Which books/reading matter shaped who you are?

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Titus

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I'll give this a try then, though I've got to say that I agree with what ayanna and Rance said about experience shaping ones personality and not reading literature.

  • Hagakure by Yamamoto Tsunetomo. A Japanese book, containing short stories and anecdotes on the philosophy of the samurai warriors in the era of the same name. I found the book to be so greatly different than any other western literature I'd read before, and I was engrossed in the cultural differences and what it takes to shape a human being into what it becomes. I was fourteen, maybe fifteen the first time I read it. Now I'm eighteen and I still go back to the same book and read a few passages from time to time to remind me of how something can be so vastly obscure and different from another point of view.

  • The Brothers Lionheart by Astrid Lindgren. A children’s book following the life, and after life of two brothers. Fantasy and fiction all woven together, but it's the love between those two that really shine through and make the book so beautiful in my opinion.

  • Moment of Freedom by Jens Bjørneboe. (Pronounced "Yens BYURNaboo.") A book about humanity and its conflicts with the boundaries of moral. How everything can be seen in grey, that black and white shades don't exist in our domain. Human cruelty and ignorance is the basis for this realistic tale of humanity and it's downsides. Almost biblical in nature, I will try to read this book once a year henceforth.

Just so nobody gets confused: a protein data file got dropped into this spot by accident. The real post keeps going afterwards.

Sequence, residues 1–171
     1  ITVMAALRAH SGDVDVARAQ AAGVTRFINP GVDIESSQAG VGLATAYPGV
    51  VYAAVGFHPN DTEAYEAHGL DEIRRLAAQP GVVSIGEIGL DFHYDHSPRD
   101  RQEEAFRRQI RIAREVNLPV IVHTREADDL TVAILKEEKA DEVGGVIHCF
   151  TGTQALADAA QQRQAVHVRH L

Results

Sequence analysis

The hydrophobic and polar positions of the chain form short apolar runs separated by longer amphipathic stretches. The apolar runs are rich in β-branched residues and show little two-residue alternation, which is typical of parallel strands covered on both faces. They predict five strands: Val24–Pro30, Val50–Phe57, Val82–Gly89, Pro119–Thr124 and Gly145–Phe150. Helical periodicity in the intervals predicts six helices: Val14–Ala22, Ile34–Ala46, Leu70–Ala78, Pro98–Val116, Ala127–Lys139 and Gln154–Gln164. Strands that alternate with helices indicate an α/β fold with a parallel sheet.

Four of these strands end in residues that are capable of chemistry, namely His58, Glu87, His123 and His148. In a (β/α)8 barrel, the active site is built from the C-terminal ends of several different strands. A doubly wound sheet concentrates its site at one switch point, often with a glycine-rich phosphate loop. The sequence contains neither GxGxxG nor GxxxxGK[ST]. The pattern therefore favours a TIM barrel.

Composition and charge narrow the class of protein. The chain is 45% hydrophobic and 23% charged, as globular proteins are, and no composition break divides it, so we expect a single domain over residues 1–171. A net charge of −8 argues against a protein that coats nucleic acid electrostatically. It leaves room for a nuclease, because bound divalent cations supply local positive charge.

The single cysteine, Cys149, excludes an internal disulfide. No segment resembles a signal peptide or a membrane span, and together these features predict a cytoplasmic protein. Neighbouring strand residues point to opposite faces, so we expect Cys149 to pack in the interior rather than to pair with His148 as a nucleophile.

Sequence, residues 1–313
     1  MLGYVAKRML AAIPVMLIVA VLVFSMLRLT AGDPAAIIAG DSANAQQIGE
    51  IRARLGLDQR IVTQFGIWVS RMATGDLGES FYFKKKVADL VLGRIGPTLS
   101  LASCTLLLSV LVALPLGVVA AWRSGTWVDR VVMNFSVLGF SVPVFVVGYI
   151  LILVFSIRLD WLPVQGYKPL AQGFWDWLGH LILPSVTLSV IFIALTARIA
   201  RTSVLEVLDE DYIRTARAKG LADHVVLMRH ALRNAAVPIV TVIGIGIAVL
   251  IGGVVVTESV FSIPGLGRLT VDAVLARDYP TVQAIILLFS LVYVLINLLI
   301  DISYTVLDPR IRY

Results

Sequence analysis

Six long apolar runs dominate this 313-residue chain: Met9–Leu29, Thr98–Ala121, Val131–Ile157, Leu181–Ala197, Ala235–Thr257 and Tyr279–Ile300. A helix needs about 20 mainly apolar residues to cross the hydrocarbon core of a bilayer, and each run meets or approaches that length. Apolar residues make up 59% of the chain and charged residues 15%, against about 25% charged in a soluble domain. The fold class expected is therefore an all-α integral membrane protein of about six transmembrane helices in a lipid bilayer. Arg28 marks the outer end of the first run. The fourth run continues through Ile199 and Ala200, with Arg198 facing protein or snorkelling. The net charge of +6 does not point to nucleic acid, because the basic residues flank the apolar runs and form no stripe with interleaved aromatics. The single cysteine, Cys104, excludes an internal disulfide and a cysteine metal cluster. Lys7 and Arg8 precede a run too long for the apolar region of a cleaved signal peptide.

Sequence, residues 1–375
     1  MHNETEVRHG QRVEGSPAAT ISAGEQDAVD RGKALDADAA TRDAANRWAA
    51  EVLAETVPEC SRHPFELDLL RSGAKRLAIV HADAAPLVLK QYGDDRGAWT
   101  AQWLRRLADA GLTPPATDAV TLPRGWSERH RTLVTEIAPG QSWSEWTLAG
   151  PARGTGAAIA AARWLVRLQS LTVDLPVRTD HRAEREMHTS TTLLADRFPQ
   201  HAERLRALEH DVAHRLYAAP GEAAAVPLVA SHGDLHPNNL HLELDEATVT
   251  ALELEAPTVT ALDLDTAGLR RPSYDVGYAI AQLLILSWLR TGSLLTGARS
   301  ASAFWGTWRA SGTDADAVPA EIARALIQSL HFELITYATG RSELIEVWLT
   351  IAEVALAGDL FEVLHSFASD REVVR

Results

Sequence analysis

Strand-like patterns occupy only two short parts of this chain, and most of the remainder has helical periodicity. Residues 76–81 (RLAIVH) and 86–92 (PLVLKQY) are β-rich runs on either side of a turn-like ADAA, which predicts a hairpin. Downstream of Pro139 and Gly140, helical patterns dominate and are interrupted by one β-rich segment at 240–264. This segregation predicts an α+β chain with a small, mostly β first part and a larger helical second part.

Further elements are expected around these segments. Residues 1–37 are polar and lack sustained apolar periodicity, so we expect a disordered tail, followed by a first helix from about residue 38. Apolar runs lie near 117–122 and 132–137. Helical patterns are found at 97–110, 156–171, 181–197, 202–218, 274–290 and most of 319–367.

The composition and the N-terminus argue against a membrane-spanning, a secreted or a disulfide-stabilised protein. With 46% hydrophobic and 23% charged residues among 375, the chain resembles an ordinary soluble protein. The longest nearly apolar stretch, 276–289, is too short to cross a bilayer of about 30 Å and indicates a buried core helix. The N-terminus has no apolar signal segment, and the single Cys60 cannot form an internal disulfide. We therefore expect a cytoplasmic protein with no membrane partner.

Footed P.J.

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I read "Letter to a Christian Nation" by Sam Haris, and that book really encouraged my fledgling atheist beliefs and my enduring interest in atheism.
 

BabyMullet

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Personally, I really like the dead poets, the romantics. Whitman being first among them, I have placed 'Song of the Open Road' permanently in my head. Aside from that, a few essays by Atul Gwande, the general humble-ness inducing work of Terry Pratchet, and also Douglas Adams for doing a good many things, mostly introducing me to the number 42. The answer to the question that is everything.

I mean, you can't top 42.
 

Gingy

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I likes the "a series of unfortunate events" books. But after that I didn't really like much else. On yeah, these books shaped me because: hmmm they brought out my emo side. (is that good or bad?)
 
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